“What goes up, must come down,” is a time-tested phrase that was proven correct with savage clarity during this week’s stock market mayhem. Financial panics are as old as money itself. Whether this is your very first crash as a stock market investor, or you are an old pro who has seen it all, here are three tips to minimize the damage to your portfolio and make sure that you survive the Great Coronavirus panic of 2020.
1. The Crash Isn’t When Fortunes Are Lost. The Crash Is When Fortunes Are MADE.
This may seem like a counterintuitive statement when everyone is panicking around you. But staying calm and deliberate when everyone else is panicking is how real money is made in the stock market.
Think about it like this. As a shareholder in a publicly traded firm, you are an owner in a business. There are two reasons why the value of your stake could go up, or go down. The first reason would be if something fundamental has changed about your business and the market it operates in. For example, a business that sold horse buggies would have become a poor investment as cars became the norm in early 20th century America. Kmart used to be a great business when department stores were the main way that people satisfied everyday casual needs. But with the rise of Amazon and the convenience of online shopping, the fundamental market in which Kmart operated changed, resulting in a massive loss in value for Kmart. If a fundamental aspect of a business changes, it may be wise to sell.
But the biggest financial opportunity you will ever encounter is when everyone else is tying themselves in knots over a condition that only temporarily affects the business that you own. The biotech and pharmaceutical world is a fabulous example of this phenomenon. This week we experienced one of the most severe stock market crashes in recent history. Everything went down, because, well, everything went down. But even if our current Coronavirus scare morphs into a drawn out recession, does that mean that 7 billion people on planet Earth will no longer need cures or medical advances? Even if the American or Global economy is temporarily hobbled, does that mean that pharma icons like Pfizer ($PFE), Merck ($MRK), and Eli Lilly ($LLY) are likely to fade into irrelevance the way Kmart did?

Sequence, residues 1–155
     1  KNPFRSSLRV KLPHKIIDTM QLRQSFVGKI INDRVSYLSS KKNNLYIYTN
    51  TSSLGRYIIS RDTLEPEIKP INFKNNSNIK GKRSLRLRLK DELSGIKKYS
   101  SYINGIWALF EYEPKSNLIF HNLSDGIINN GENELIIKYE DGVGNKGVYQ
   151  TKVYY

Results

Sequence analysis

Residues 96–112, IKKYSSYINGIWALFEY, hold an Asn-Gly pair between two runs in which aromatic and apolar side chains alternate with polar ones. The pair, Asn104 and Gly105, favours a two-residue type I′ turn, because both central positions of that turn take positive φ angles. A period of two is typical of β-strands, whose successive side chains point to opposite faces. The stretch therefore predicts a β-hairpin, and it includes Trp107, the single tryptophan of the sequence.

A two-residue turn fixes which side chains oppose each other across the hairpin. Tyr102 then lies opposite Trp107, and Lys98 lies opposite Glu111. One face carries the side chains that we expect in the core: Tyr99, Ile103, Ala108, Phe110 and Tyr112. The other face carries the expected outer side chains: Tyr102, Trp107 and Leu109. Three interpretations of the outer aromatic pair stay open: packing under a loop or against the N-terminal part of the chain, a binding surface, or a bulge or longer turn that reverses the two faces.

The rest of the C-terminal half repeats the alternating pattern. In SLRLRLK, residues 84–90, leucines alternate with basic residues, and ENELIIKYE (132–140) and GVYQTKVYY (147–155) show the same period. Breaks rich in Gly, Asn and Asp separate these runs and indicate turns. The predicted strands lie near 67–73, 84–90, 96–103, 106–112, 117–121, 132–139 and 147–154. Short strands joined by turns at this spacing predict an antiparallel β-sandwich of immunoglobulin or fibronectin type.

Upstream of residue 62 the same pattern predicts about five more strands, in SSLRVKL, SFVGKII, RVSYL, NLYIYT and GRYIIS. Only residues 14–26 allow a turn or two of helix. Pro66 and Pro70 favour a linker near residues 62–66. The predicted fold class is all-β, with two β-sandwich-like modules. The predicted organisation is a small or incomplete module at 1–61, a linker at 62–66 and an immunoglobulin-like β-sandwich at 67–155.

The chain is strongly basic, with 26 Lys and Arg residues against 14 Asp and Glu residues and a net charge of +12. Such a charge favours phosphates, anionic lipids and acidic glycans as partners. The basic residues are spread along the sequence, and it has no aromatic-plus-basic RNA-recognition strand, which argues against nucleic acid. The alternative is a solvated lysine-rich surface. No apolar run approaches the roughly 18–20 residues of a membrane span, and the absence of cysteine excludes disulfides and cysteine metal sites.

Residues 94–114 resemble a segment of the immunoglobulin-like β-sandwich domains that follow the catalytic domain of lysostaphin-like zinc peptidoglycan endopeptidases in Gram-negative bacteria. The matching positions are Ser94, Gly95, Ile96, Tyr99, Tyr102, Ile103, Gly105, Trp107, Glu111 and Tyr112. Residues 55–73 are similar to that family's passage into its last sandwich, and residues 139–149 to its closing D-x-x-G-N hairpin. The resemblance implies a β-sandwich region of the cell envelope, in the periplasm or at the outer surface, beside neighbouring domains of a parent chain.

Very unlikely. If anything, the current international health freakout proves conclusively that people continue to value their health over all else. Healthcare remains a good place to invest your money for the long term.
Ok, so solid healthcare concerns will continue to serve a vital societal need, and demand will eventually recover. But why would now be a good time to invest? Why not just hide out and wait for the world to regain its footing?
Because now is when foolish or desperate people are selling cheap. To understand the magnitude of this opportunity, let’s look at some math.
Let’s say you invested $10,000 in Merck Pharmaceutical ($MRK) on January 3rd, 2011. As of February of this year, that investment would have returned 13% annually and your investment would be worth an impressive $31,141. After the trauma of 2008 and 2009, you would have waited until recovery seemed to be in the air, and earned a nice return.
But let’s say you bought in the midst of the chaos of the last financial crises. While stock brokers and investment gurus were busy jumping out of windows, you invested your $10,000 in Merck during July 2009. By February of this year, you would have earned an astounding 15.4% annual return, and your total shareholding would be worth a whopping $46,397. Decisive action during a crisis can lead to a courageous reward!
This isn’t some kind of new idea that I cooked up. The idea of running towards a burning financial fire, instead of away from it, is as old as money itself. As the Roman historian Pliny the Younger was quoted during the eruption of Mt. Vesuvius, audaces fortuna iuvat, “Fortune favors the bold.” How will your history be written during this crisis?
2. Cash Is King
There will be many deaths and near death experiences in this crises. Financial deaths of under capitalized biotech companies. I have written at length about the pros and cons of unprofitable companies. During moments of financial shock, the cons of unprofitability are about to become crystal clear.
In the jungle of Wall Street, the strong prey upon the weak. Expect a lot of this over the coming months. There are a lot of smaller, newer biotechs out there that have been making scientific progress on promising molecules. But they were funded in such a way as to require constant infusions of fresh cash. And why not? It seemed like anybody with a PhD could access millions as recently as a few months ago.